There are rumors of many individuals living into their late twenties and beyond, though these are rare and mostly unconfirmed. Allegedly, a female gecko in Germany recently turned 40, and a male gecko (location unknown) lived to be 28! Unfortunately, these reports are dubious and should be taken with a grain of salt.

8. A leopard gecko’s sex is determined by the temperature at which their eggs were incubated.


This baby leopard gecko’s sex was determined by how warm its egg was during incubation

©iStock.com/agus fitriyanto

Many reptile species’ sexes are determined by the temperature of their eggs during incubation! This includes leopard geckos. Breeders discovered that eggs incubated at lower temperatures, or around 80 to 84 degrees Fahrenheit, result in female geckos, while eggs incubated at higher temperatures, or around 86 to 90 degrees, result in male geckos.

This unique quality makes it easy for breeders to produce entire clutches of solely male or solely female lizards.

9. Leopard geckos have a wide range of vocalizations with unique meanings.


Leopard geckos can produce all kinds of adorable vocalizations from chirps to squeaks and screams!


Although leopard geckos are usually fairly quiet animals, they are able to produce an array of interesting vocalizations. These vocalizations range from squeaks to chirps and even barks and screams!

Leopard geckos’ sounds can mean anything from contentment, anger, fear, or even interest in a potential mate. If you listen closely to your gecko, you might just be lucky enough to hear an occasional chirp or squeak!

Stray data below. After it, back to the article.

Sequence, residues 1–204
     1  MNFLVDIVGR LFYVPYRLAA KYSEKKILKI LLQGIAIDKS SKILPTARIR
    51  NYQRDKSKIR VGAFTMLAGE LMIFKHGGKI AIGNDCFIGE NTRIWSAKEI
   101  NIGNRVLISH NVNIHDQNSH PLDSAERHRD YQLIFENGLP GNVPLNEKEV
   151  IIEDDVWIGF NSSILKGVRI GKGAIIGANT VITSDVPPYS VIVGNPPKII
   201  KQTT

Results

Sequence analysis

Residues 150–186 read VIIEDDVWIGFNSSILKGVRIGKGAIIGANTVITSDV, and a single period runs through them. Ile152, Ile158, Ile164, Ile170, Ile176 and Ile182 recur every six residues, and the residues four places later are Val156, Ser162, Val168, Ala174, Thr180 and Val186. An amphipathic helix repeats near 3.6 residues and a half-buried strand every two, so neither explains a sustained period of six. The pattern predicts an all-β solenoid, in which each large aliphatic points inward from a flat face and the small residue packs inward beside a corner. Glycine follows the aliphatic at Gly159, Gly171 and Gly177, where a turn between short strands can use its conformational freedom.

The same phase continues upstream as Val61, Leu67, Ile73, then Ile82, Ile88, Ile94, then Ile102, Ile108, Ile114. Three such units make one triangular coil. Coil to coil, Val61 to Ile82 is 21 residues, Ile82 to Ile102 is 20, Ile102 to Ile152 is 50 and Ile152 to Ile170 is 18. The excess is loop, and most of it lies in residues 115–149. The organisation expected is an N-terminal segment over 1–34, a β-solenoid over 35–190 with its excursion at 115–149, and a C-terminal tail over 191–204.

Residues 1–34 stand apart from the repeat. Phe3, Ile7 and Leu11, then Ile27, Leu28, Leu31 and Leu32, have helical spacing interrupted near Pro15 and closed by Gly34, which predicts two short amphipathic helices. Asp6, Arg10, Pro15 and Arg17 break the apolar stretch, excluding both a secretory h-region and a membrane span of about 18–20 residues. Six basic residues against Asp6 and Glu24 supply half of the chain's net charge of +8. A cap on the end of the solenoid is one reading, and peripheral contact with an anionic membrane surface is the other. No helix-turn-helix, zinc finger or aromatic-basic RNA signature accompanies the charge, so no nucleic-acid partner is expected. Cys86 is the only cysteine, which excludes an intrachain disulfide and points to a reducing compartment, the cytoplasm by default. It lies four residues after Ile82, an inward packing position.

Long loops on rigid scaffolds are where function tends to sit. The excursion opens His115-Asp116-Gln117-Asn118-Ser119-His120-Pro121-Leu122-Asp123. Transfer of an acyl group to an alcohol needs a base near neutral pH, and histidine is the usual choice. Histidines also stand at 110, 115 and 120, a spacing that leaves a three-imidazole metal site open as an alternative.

10. Leopard geckos have great night vision.

Animals That Molt - Gecko

This happy leopard gecko’s large, striking eyes allow it to see perfectly at night

©Cathy Keifer/Shutterstock.com

Leopard geckos are mostly active at night or in the early morning before the sun rises. As a result, they have evolved to have excellent eyesight, especially in low light conditions.

Amazingly, these unique geckos are able to see distinct colors and a surprising amount of detail both in well-lit and poorly-lit conditions! They can see far better than us humans can thanks to their big, bulging eyes and highly sensitive retinas. Their extraordinary eyesight helps them to evade predators in the wild. Plus, their keen vision makes it easy for them to find prey like insects and other small invertebrates.

The photo featured at the top of this post is © iStock.com/CathyKeifer

Share on:
About the Author

Hailey "Lex" Pruett is a nonbinary writer at A-Z Animals primarily covering reptiles and amphibians. They have over five years of professional content writing experience. Additionally, they grew up on a hobby farm and have volunteered at animal shelters to gain further experience in animal care. A longtime resident of Knoxville, Tennessee, Hailey has owned and cared extensively for a wide variety of animals in their lifetime, including cats, dogs, lizards, turtles, frogs and toads, fish, chickens, ducks, horses, llamas, rabbits, goats, and more!

Thank you for reading! Have some feedback for us? Contact the AZ Animals editorial team.